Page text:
Similar to that HD version, the picture quality is questionable during the opening credits, but afterward, the transfer, likely coming from the same remastered source used for the BD, enjoys a noticeable uptick in definition and overall resolution. Granted, the movie was deliberately shot on the softer side with diffusion filters, giving the adventure in Neverland a romanticized, dreamlike appeal, but it shows plenty of sharp detailing throughout. We can better appreciate the amount of work and effort placed on the production design, exposing the minute, trivial features of the Lost Boys' hiding place and the tiniest object decorating Captain Hook's ship and quarters. However, from time to time, the picture can get a bit blurry and poorly-resolved while the dated special effects are far more noticeable and even distracting, but overall, everything looks to be in great shape.
On the better side, the 4K presentation is significantly brighter and more upbeat thanks to improved contrast levels, making everything appear fresher and more rejuvenated compared to the Blu-ray. From Hook's puffy, frilled shirts to the clouds in the sky and the pirate ship's sails, whites are beaming and radiating with a snappy crispness and pop while maintaining excellent visibility into the far distance. Specular highlights also provide the photography with a welcomed face-lift, supplying the swords and various metallic parts of the ship with a realistic glow and the Captain's polished hook with a twinkling glimmer when catches the light just right. Likewise, blacks are markedly richer with better differentiation between the various shades, giving Hook's hair a silkier shine while keeping the fabric of his shirt and hat a stygian pitch-black. Being a happy, heart-warming family comedy, there aren't many shadows to speak of, but visibility in the few dark moments are outstanding, revealing the smallest detail and object within the murkiest, dingiest corners of the frame.
One of the film's more memorable aspects is Dean Cundey's vibrantly colorful cinematography, which enjoys the most noteworthy boost. While Hook's ornate jacket and the carpet on his steps are a flamboyant dazzling rose, Rufio's hair and outfit glow a vibrant candy red. The green grass of baseball games is spirited and animated, and the blues of the sky and water shine with cheerful buoyancy. However, the most dramatic upgrade is in the secondary hues, displaying a wider, more spirited array which makes its HD SDR counterpart almost paler by comparison. The matte paintings of the afternoon and morning skies show a lovely parade of fiery oranges and yellows mixing with soft pinks and violets before blending into magentas and indigo blues. Meanwhile, facial complexions come with a more natural rosiness and revealing lifelike textures. In the end, HDR10 improvements make the nearly thirty-year-old movie appear refreshed and as though rediscovering its youth. (Video Rating: 84/100)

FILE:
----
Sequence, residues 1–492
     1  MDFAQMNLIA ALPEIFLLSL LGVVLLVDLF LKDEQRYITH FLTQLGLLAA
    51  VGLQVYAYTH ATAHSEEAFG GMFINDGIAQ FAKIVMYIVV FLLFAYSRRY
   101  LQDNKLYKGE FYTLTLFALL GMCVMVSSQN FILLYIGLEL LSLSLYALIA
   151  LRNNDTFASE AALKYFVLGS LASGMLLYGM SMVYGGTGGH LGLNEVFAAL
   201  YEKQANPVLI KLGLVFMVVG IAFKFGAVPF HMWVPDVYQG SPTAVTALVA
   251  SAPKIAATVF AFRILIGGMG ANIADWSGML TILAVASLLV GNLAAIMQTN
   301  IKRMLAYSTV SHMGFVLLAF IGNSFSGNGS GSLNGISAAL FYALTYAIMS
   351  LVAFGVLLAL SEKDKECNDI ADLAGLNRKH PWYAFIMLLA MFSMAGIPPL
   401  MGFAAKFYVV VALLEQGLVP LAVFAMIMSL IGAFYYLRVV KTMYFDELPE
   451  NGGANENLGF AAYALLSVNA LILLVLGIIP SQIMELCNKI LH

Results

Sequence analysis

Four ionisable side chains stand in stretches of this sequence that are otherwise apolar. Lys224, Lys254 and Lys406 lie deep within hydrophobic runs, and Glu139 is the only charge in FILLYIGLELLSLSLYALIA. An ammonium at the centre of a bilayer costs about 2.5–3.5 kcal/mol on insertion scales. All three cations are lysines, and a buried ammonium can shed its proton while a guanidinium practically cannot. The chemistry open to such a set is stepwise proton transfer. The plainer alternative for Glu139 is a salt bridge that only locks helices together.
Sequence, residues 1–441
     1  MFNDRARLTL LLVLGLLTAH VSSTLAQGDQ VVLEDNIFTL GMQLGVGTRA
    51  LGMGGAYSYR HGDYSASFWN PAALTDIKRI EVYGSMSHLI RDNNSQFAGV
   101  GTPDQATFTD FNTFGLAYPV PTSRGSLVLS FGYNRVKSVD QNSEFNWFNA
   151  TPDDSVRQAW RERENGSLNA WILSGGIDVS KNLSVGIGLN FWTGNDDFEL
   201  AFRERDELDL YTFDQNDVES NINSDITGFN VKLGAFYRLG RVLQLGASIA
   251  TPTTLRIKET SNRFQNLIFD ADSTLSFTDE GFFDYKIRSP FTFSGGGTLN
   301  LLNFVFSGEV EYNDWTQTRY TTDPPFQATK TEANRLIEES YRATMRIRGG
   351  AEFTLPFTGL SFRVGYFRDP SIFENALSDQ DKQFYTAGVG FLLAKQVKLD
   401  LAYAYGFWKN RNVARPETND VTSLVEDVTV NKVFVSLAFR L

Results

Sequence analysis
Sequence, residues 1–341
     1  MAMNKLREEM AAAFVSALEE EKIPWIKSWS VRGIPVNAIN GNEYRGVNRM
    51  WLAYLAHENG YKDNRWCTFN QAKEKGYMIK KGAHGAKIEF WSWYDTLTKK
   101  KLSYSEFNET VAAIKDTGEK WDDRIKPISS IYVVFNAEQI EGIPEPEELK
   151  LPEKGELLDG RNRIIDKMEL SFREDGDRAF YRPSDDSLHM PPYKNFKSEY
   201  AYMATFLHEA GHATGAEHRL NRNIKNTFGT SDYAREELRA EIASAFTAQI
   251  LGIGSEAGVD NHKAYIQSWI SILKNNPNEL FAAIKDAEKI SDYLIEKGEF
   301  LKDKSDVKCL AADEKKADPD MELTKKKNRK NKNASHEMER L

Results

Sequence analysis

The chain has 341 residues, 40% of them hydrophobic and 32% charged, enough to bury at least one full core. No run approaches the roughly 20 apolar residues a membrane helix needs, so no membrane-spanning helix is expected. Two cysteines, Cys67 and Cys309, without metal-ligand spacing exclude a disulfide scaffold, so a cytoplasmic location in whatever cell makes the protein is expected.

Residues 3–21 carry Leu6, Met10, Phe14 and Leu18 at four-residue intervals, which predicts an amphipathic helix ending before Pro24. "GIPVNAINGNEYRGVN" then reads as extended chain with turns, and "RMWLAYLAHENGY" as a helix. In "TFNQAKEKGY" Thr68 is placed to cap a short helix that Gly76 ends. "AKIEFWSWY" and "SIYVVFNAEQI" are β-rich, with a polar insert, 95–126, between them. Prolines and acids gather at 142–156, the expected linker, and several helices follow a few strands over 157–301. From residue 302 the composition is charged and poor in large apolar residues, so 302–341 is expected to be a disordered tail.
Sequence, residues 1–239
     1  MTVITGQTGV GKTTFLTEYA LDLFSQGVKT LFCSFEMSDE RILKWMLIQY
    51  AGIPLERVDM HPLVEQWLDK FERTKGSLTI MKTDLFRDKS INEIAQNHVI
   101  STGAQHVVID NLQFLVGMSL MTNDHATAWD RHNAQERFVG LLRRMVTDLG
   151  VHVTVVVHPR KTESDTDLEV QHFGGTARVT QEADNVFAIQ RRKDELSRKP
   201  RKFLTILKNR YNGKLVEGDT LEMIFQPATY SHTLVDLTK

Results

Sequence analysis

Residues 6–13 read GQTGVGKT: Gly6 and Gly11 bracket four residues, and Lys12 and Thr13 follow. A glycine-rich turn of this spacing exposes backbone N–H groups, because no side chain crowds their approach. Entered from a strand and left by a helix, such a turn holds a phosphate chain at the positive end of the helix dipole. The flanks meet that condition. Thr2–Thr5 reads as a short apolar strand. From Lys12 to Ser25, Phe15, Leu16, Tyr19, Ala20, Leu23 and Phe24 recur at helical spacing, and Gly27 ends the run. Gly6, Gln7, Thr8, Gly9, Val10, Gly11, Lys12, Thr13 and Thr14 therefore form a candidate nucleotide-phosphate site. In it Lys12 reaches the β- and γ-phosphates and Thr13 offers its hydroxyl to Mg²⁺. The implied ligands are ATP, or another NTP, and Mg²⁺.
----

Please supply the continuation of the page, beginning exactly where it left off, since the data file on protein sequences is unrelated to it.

Refusing to ever grow up, Spielberg's cult favorite takes fans through Neverland with an excellent Dolby Atmos soundtrack, which comparatively, isn't dramatically different from its 5.1 DTS-HD Master Audio counterpart but provides just enough mild adjustments to make it the preferred listening option.
The front-heavy presentation comes with a wide and spacious soundstage, displaying an extensive mid-range with plenty of clarity and distinction between various subtle sounds, while John Williams' score and other acoustic details are full of warmth and fidelity. Channel separation is well-balanced, with convincing off-screen activity that nicely but very subtly extends into front heights. Dialogue reproduction is precise and intelligible if also occasionally flat in some spots. The low-end isn't particularly aggressive, but then again, it's adequate and appropriate for a fantasy family comedy. Honestly, the bass is generally reserved for the music and the few bits of action, providing some depth and weight.
Not surprisingly, given the film's vintage, rear activity is noticeably light and largely restricted to the surrounds, which are not employed very often. However, when put to task, the sides can generate an amusingly satisfying soundfield, filling the room with a variety of discrete effects like the chants and cheers of pirates or some of the unseen local wildlife. Occasionally, the overheads enhance those moments in a very nuanced and refined way, but Williams' score makes better use of the ceiling channels while the few action sequences can feel a tad wanting, failing to really ever create an involving hemispheric environ.
Although the upgrade may not be the sort to test one's system, it's a fantastic listen nonetheless for devoted fans of the movie. (Audio Rating: 78/100)
Fans wanting to upgrade their previous Blu-ray, which only featured a trio of trailers, are now tempted with the original Theatrical Preview and eleven, previously unavailable Deleted Scenes (HD, 8 min).
When considering the entire canon of a filmmaking career spanning over five decades, Steven Spielberg's Hook tends to rank at the bottom of most lists, often disregarded for its minor pacing issues in Neverland and the overly-sentimental plot about fatherhood. However, featuring memorable performances by Robin Williams and Dustin Hoffman in the titular role, Spielberg's film is nonetheless a terrifically enjoyable and highly spirited fantasy comedy for the whole family. The cult favorite sets sail on 4K Ultra HD Blu-ray with a lovely HDR10 presentation that bests its HD SDR counterpart and an excellent Dolby Atmos soundtrack that subtly improves on the previous 5.1 DTS-HD MA mix. The supplemental material is sorely lacking and frankly disappointing, but the overall UHD package is recommended, giving fans a notable upgrade and making the nearly 30-year-old film feel young again.